Category Archives: Echino Duffle

Finished Duffel

With a bulk of the work behind me, all I had left with my Echino duffel was to attach the ends. This was really straightforward, but the only drawback is that the inside leaves you with some exposed ‘raw’ edges. I fixed this by zigzagging the edges to give it a bit of a cleaner look – I may just serge them in the future.
So, what were my overall impressions? This particular bag wasn’t as easy as what I found other Echino patterns – not all the steps were illustrated which makes you stop to think what you should be doing in between. Consequently, I’d recommend this project for someone with some bag making experience or at the very least an intermediate sewer. Additionally, if you’re turned off by exposed seams, I wouldn’t recommend this either as the way this duffel is constructed, there’s no way around them. I’m also not thrilled with how it’s put together, especially the zipper area (you can read more about that in yesterday’s post) and the handles. I think in the future, I’ll take a different approach with both of these. With that said, I do love the finished bag – it’s size is perfect for making it an overnighter (although it turned out much smaller looking than I anticipated even though the measurements are spot on….. could it be the camera angle on the pattern cover?) and I think the outside pocket is a cute touch. Best of all, I got try out a new foot for my Bernina…. a piping foot! This was the first time I’ve ever used one (I’ve been using the zipper foot method previously) and loved it! I’m hoping to put together a tutorial in the coming weeks as I get more adept at using it.

Duffel, Part 1

There are so many things that I should be doing, but instead, I decided to work on the Echino Duffel. There are a few steps that are not illustrated, which made me sit and think about what to do in between, but so far, it’s easy to put together. One thing that I don’t like about the pattern is the way they have you attaching the zipper (basically pressing down the seam allowances on both the main fabric and the lining then sandwiching the zipper in between the fabrics). Personally, I think that you would be more likely to ‘miss’ the lining fabric when stitching it down because it could shift during sewing. Instead of following the directions, I used the zipper method for the box bag. It’s an extra step or two, but totally worth it as far as results go.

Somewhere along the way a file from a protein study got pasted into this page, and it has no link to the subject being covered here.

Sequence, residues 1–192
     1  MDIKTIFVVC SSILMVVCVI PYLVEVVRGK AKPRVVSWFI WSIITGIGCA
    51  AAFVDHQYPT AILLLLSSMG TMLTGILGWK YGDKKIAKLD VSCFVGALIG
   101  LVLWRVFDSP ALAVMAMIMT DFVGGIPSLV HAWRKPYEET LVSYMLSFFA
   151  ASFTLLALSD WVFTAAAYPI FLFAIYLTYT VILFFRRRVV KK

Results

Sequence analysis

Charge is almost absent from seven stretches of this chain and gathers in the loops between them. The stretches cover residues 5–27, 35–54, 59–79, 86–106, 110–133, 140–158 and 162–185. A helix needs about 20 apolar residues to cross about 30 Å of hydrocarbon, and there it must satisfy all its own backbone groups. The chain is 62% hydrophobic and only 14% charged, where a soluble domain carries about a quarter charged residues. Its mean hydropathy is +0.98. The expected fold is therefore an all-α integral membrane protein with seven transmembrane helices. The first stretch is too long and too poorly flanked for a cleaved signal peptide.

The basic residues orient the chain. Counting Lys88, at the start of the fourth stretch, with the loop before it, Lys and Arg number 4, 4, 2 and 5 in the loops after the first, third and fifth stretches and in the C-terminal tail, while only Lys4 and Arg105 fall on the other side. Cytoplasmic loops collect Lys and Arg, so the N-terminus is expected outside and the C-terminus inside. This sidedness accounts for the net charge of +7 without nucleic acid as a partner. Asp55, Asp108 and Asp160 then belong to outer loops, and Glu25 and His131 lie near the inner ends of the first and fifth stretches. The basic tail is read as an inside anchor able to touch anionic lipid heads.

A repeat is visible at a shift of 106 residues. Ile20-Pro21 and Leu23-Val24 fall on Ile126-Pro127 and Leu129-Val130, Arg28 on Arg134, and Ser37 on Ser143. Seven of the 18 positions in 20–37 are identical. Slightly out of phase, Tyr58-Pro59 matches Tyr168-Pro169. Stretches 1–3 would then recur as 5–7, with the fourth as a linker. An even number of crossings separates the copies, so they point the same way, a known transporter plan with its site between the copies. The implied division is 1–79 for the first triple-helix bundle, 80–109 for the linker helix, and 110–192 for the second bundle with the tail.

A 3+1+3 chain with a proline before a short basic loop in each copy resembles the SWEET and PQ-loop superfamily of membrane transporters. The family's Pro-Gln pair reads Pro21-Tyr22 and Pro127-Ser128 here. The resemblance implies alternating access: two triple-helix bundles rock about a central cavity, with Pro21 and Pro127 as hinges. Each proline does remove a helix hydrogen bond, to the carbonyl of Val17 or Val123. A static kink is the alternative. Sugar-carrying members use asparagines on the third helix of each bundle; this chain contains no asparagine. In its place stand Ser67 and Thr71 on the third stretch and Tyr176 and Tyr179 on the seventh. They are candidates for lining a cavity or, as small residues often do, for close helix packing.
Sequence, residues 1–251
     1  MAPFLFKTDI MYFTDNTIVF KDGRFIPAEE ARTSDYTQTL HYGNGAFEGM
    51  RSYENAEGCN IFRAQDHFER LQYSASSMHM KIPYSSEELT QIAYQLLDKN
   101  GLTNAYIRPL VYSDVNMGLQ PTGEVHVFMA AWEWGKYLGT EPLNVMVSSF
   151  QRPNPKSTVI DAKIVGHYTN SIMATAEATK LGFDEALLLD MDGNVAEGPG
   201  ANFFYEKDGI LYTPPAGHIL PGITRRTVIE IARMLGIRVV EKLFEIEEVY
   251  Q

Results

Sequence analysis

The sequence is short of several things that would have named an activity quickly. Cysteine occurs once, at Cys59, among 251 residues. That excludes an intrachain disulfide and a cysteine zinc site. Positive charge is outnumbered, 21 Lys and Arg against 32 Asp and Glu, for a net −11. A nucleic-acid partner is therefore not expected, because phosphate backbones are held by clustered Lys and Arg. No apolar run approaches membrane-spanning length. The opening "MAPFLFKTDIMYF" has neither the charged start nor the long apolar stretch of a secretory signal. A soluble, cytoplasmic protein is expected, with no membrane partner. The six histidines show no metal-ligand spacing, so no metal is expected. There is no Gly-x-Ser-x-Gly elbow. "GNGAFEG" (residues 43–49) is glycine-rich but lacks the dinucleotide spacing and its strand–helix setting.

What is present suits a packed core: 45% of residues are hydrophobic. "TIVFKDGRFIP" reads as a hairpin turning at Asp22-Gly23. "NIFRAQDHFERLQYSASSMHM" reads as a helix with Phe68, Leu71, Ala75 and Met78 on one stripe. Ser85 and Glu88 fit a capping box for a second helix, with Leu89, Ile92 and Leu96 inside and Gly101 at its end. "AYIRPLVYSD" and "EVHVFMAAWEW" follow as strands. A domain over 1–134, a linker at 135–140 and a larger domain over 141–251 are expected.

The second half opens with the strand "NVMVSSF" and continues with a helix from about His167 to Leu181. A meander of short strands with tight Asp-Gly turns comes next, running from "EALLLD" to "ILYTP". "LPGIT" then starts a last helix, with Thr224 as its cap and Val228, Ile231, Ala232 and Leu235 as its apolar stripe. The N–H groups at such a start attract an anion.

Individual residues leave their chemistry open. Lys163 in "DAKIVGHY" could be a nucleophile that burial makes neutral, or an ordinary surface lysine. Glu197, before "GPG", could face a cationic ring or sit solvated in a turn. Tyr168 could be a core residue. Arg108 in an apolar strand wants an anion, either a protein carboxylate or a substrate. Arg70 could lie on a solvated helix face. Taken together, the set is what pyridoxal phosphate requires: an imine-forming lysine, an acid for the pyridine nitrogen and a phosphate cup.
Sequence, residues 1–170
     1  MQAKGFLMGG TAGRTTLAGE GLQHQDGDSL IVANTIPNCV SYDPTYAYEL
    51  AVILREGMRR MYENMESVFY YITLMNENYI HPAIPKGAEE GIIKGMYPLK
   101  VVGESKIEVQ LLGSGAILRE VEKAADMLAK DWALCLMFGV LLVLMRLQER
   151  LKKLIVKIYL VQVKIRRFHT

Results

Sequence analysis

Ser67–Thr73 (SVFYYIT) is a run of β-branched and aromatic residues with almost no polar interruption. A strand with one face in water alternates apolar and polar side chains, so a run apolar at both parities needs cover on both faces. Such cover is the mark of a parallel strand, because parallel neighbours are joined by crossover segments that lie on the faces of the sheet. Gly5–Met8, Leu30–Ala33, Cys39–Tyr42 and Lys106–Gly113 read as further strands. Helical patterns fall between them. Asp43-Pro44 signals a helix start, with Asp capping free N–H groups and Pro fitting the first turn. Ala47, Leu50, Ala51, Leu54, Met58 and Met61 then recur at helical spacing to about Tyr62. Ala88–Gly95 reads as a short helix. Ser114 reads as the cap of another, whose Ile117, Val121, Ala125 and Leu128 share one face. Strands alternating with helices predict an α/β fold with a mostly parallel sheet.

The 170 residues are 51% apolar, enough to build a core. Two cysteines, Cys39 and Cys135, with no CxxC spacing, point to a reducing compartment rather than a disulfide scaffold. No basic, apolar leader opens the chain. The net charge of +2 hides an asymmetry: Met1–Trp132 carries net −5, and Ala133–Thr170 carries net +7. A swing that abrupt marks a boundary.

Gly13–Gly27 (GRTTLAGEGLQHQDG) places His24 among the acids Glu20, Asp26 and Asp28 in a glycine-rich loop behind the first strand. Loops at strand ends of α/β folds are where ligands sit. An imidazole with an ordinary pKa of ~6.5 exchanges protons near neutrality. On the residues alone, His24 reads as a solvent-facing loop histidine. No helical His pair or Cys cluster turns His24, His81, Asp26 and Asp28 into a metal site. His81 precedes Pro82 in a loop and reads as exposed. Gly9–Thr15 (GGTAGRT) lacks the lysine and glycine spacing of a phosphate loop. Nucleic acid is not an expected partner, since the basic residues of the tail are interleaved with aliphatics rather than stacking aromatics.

Echino Duffle

I’ve been busy cleaning up the t-shirt design for Taylor’s party (and attempting to find a font that might work with it) so while I’m fiddling with Paint Shop, I’ve been plotting my next sewing project…… the Echino Duffle. For this one, I’m using a fun tattoo print that I picked up this winter at Hancock Fabrics and a matching pink lining fabric I found in my stash (all the info is up on the sidebar). I think this might make a good swim bag for Taylor this year!
While this isn’t my first Echino pattern I’ve worked with, I will say this one has made me stop and think a bit more. Although most of the steps are illustrated, there are a few that aren’t which has made me try to figure out what I’ve missed! I believe that I have it all worked out as to how it’s put together, but if you’re planning on make this one for yourself, I would recommend that you either have a background in Japanese (or familiar with how their patterns ‘work’) andor have some bag making experience under your belt. Although these aren’t complicated patterns to put together, working from an unfamiliar language may leave you stumped.